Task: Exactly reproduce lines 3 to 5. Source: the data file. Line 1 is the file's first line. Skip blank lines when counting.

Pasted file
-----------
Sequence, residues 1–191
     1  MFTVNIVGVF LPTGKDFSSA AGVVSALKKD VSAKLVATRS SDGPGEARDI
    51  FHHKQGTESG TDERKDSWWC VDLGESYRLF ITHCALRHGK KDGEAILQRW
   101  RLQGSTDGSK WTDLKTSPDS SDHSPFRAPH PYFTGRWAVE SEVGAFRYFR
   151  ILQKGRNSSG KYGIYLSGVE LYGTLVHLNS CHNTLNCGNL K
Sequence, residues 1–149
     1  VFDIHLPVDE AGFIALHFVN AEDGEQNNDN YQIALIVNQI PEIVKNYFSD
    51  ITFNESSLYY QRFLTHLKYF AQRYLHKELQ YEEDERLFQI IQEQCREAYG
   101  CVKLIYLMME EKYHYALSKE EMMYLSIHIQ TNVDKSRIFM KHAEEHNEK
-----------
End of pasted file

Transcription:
    51  FHHKQGTESG TDERKDSWWC VDLGESYRLF ITHCALRHGK KDGEAILQRW
   101  RLQGSTDGSK WTDLKTSPDS SDHSPFRAPH PYFTGRWAVE SEVGAFRYFR
   151  ILQKGRNSSG KYGIYLSGVE LYGTLVHLNS CHNTLNCGNL K